It's been widely reported that Comcast is engaged in a questionable form of Internet filtering, terminating its customers' BitTorrent sessions by sending misleading data onto the network. On Monday, however, the company finally broke silence saying the company does manages traffic on its networks, which may be delayed by its bandwidth management technology, but it does not block any applications:

"Comcast does not block access to any Web sites or online applications, including peer-to-peer services like BitTorrent. We have a responsibility to provide all of our customers with a good Internet experience and we use the latest technologies to manage our network so that they can continue to enjoy these applications."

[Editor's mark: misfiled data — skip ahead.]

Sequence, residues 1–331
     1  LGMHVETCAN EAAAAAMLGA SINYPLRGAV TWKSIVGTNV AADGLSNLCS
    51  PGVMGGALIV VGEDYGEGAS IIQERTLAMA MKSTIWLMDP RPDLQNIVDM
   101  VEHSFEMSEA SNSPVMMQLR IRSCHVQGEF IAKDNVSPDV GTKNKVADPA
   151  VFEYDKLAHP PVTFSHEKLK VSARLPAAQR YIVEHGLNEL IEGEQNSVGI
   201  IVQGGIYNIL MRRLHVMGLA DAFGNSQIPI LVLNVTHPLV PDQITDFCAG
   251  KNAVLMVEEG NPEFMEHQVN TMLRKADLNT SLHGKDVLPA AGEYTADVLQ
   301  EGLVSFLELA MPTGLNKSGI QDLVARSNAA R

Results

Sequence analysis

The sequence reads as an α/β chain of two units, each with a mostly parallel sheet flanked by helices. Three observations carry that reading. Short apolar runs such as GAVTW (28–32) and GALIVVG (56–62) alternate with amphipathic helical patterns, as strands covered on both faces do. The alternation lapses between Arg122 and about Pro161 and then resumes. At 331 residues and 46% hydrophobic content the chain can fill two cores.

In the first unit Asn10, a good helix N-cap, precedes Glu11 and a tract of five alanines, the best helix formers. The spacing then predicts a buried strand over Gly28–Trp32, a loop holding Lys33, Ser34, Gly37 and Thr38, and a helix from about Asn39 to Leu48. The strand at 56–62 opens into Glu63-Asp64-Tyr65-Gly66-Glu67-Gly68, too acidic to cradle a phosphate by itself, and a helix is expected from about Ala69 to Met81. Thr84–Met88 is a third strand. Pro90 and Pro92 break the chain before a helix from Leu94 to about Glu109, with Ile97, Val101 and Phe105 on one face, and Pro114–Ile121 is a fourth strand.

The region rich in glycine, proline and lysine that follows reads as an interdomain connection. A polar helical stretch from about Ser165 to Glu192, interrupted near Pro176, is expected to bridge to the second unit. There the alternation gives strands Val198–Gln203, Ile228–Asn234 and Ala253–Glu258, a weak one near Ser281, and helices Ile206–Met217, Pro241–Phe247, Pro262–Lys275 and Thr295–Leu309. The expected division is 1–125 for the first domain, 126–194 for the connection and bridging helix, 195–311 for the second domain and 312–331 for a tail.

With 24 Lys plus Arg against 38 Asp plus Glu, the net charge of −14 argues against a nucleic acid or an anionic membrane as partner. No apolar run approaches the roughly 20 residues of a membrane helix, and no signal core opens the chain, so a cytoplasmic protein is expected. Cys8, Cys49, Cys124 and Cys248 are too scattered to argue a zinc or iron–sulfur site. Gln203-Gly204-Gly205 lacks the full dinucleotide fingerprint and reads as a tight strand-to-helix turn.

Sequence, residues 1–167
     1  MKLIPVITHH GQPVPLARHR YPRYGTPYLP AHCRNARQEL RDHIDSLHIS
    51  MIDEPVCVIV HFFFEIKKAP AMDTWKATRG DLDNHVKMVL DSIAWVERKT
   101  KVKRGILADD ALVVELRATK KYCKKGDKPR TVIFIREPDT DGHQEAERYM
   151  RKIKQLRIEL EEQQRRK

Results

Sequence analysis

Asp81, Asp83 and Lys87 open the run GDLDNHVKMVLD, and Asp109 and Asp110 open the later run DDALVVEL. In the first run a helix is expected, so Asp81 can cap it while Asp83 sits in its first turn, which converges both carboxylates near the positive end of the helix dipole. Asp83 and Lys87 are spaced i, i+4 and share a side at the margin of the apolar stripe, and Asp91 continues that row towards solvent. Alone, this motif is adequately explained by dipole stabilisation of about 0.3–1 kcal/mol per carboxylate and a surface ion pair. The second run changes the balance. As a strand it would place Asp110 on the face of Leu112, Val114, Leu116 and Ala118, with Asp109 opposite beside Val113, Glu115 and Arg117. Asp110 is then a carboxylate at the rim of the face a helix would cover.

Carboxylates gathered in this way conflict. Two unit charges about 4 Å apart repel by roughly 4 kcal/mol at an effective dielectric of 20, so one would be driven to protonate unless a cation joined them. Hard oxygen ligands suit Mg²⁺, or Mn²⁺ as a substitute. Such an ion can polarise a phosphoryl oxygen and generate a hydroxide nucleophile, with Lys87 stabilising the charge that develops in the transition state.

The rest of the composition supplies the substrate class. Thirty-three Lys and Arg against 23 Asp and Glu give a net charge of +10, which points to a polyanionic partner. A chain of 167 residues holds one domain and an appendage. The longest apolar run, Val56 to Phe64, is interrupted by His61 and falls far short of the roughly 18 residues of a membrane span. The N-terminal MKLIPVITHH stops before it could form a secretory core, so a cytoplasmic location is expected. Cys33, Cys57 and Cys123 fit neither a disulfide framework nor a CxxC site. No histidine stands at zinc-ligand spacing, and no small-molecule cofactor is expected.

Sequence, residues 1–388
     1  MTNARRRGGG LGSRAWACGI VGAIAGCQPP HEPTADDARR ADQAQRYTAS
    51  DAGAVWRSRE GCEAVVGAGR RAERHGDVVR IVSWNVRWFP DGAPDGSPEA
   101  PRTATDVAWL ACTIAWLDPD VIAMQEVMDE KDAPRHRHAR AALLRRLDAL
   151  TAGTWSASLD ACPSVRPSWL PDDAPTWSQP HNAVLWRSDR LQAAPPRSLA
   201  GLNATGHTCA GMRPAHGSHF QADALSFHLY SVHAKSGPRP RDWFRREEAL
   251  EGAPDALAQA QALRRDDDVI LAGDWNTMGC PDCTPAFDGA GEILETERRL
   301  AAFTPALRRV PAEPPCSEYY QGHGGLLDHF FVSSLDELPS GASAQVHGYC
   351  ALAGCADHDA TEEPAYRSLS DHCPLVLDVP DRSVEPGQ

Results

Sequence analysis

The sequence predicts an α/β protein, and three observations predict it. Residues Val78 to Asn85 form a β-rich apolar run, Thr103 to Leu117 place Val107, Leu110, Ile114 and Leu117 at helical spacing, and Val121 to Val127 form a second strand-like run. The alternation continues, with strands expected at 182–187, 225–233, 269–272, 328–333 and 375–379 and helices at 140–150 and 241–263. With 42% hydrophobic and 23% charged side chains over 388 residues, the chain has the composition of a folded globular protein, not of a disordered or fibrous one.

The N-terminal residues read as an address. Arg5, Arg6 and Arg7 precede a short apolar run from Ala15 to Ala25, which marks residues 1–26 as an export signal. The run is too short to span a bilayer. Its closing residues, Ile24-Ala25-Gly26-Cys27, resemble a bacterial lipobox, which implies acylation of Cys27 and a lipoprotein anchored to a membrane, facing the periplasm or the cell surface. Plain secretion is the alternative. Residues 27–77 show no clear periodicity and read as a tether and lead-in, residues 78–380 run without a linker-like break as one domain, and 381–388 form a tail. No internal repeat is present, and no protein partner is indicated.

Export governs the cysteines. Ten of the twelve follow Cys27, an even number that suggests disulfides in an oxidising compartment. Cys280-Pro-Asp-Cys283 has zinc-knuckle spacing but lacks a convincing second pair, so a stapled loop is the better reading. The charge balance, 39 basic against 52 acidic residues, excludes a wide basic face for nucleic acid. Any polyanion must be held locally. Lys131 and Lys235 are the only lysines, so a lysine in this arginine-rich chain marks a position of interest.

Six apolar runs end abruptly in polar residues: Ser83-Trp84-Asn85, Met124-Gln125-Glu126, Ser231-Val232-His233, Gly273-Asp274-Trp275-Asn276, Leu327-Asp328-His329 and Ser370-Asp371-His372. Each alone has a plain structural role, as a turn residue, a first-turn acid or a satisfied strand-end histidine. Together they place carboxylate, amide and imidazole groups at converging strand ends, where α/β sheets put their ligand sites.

The executive declined to talk in detail about the technology. Although Comcast's practices seem to primarily affect file-sharing, the company claims it treats all packets equally, not blocking or "shaping" its Internet traffic. With peer-to-peer accounting for a large portion of all data sent across the net, it's reasonable that Comcast would try to manage the load file-sharing applications place on its network. The problem is that Comcast does its traffic management secretly and unpredictably.